Elsewhere, GlaxoSmithKline (GSK) said it is to close its pharmaceutical manufacturing unit in Bangladesh by the end of 2018, affecting around 1000 staff. A spokesperson said: ‘All of our medicines are substitutable with generics and therefore, patients should be able to access a range of suitable alternatives.’ The company recently unveiled a restructuring program to deliver annual cost savings of £400 million by 2021.

‘At GSK, it’s sales, back office and a few R&D jobs that are going and, as at Novartis, this follows several years of shedding non-core assets. But again, the aim is to cut costs that can be reinvested in more advanced R&D,’ says Ana Nicholls, healthcare analyst at the Economist Intelligence Unit, UK.

Other big drug companies continue a retreat from less-profitable manufacturing and seek cost savings, especially after mergers and acquisitions. Takeda Pharmaceuticals agreed to buy Shire Pharmaceuticals earlier this year for £46 billion. Japanese-headquartered Takeda is set to close its US headquarters in Deerfield, Chicago, where it has around 1000 employees. The work in Chicago will be progressively moved to the greater Boston area.

Takeda earmarked a $600 million (462 million) cut in annual R&D costs following its Shire purchase, and said it would trim overall expenses by $1.4 billion. ‘Shire is also in Boston, so it is natural for Takeda to integrate their offices in Chicago and Boston and close Deerfield,’ says Atsushi Saki, an analyst for UBS in Toyko, Japan, who says a reduction in headcount was expected. ‘For Takeda, the Shire deal is important for its innovative medicines. After the deal, Takeda can save money by reducing overlapping operational costs.’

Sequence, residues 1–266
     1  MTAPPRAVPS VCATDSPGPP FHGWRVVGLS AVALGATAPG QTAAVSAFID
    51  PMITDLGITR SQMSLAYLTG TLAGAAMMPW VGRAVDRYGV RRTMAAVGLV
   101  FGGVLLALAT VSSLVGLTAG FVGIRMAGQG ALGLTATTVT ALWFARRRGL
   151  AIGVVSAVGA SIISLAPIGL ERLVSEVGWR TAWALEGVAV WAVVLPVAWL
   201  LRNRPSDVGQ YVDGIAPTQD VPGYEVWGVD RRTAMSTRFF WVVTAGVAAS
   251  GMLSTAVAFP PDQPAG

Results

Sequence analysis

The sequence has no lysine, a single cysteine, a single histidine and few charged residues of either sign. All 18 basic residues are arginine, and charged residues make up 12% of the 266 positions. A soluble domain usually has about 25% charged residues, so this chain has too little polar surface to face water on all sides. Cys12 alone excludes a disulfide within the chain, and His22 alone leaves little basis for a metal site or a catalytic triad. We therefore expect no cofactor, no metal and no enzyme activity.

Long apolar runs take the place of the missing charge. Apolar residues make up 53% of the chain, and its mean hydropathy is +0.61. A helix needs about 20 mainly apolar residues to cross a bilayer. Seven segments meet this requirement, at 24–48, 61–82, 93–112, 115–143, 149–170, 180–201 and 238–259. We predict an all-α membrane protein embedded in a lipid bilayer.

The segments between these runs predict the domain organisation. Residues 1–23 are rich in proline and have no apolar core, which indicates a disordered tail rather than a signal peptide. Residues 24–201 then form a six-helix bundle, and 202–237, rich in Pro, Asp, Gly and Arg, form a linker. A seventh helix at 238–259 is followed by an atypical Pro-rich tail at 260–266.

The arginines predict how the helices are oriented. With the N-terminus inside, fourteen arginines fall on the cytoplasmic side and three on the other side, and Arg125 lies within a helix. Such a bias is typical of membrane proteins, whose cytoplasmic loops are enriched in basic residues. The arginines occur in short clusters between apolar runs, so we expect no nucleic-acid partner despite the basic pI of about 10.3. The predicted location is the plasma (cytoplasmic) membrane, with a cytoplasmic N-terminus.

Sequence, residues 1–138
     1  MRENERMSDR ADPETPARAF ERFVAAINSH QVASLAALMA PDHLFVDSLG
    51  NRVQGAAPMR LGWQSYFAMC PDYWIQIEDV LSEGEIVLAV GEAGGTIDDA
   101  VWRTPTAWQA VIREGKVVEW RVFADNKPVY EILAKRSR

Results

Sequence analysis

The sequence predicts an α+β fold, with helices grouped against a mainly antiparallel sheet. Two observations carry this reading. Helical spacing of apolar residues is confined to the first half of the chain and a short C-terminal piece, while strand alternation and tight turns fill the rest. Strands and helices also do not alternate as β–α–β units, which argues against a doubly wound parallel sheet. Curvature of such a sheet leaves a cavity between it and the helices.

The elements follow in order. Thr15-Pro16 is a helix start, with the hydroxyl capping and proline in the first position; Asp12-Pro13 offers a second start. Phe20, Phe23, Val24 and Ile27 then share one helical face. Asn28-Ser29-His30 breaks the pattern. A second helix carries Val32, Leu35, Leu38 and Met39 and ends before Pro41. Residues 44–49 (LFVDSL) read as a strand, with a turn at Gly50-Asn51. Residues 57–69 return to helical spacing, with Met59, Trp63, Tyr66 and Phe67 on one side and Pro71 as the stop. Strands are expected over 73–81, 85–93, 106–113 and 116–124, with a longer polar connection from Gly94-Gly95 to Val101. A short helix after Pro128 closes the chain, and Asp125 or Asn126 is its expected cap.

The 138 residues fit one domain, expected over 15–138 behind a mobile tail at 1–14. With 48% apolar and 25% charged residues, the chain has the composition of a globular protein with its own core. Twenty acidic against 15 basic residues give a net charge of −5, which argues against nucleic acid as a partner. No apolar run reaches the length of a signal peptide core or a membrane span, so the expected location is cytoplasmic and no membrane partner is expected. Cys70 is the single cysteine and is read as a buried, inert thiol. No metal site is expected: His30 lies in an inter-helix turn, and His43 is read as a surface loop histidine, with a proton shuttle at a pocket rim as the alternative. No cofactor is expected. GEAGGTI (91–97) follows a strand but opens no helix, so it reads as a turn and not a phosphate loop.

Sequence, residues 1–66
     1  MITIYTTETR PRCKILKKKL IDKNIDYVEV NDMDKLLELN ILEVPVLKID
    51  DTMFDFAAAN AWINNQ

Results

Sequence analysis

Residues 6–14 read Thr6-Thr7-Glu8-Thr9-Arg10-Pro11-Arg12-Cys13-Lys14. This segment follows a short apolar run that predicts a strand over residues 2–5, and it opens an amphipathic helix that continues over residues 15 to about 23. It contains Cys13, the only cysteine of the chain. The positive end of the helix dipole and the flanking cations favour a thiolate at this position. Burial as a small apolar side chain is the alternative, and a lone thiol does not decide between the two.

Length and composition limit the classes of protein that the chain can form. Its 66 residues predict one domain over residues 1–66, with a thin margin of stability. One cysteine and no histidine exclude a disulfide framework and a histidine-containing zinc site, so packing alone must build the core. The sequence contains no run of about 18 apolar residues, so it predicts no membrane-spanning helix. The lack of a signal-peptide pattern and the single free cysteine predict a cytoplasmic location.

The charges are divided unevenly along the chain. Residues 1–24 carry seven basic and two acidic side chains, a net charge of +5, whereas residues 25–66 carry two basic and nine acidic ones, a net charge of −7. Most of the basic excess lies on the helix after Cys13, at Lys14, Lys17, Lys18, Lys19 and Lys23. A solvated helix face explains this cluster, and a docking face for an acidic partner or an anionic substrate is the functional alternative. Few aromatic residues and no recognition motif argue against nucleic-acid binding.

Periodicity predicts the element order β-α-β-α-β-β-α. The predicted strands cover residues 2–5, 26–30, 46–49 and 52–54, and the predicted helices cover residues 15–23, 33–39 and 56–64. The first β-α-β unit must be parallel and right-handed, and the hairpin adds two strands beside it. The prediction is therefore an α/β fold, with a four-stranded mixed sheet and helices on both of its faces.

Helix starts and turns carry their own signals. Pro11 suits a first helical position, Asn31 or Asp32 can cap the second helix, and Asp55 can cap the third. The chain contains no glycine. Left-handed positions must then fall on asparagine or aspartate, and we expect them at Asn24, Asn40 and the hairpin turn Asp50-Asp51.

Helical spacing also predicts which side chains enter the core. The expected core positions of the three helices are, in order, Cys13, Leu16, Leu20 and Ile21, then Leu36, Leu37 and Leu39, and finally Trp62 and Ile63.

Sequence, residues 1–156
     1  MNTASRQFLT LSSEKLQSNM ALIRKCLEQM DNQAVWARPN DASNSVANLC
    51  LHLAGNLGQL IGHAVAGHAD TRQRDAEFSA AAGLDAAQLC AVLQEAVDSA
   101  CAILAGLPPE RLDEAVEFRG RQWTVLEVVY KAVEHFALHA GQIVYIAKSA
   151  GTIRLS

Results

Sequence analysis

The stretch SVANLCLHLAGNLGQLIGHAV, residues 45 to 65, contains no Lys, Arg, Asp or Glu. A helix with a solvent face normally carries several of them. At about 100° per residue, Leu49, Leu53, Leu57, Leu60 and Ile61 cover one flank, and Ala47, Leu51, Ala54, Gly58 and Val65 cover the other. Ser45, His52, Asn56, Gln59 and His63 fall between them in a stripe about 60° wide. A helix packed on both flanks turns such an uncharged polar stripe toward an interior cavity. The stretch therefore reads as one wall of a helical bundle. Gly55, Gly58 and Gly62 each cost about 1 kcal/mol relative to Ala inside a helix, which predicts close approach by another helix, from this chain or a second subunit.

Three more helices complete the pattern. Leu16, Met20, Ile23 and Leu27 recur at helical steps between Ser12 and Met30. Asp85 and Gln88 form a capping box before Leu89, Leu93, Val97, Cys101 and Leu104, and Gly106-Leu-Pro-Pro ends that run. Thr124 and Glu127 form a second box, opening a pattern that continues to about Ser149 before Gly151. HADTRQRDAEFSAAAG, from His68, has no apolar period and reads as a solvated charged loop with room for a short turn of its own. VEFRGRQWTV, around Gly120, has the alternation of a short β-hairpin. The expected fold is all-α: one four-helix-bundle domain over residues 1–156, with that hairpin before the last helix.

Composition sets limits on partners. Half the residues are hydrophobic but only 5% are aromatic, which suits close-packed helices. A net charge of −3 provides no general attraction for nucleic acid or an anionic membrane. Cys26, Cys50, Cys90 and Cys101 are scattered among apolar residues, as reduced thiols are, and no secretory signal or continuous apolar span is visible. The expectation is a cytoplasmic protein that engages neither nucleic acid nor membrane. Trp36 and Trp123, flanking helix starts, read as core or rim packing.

The shift is part of Takeda’s move away from traditional drugs and towards biologicals and gene-based treatment. Hence choosing to move towards the blooming research hub of Boston. ‘Takeda will be able to reinvest savings into innovative medicine such as rare diseases, oncology, gastrointestinal and neuroscience,’ says Saki.

The pharmaceutical industry, unlike cars or electronics, cannot do serial remodelling, says David Taylor, professor emeritus of public health policy at University College London, UK. ‘It has to do real innovation, so must constantly change itself. Some factories will close, some facilities reduced and others expanded. The concentration in western Europe and North American will shift to become more global.’

He adds that ‘bulk manufacture of ordinary chemicals isn’t a high-yield business and doesn’t contribute much [funding] to R&D. It is more like a commodity business.’ Novartis wants to increase its margins by a few percentage points, to be more competitive with its peers. ‘Europe also has high labour costs and high line costs,’ says Taylor. ‘If it is to maintain its high standard of living, countries like Britain are going to have to do sophisticated, high-value manufacturing, because that is where a competitive advantage can lie.’

‘The pharma industry has been through several rounds of job cuts over the past decade,’ notes Nicholls. While a drop in new drug approvals and some high-profile trial failures triggered some decisions, now ‘it seems to be attempts to move up the value chain and focus on higher margin products that’s driving lay-offs. So the cuts are split between conventional drug discovery and manufacturing,’ she explains.

She predicts that ‘job cuts are going to continue at research-based companies, reflecting the increasing price competition for generics and less specialised medicine.’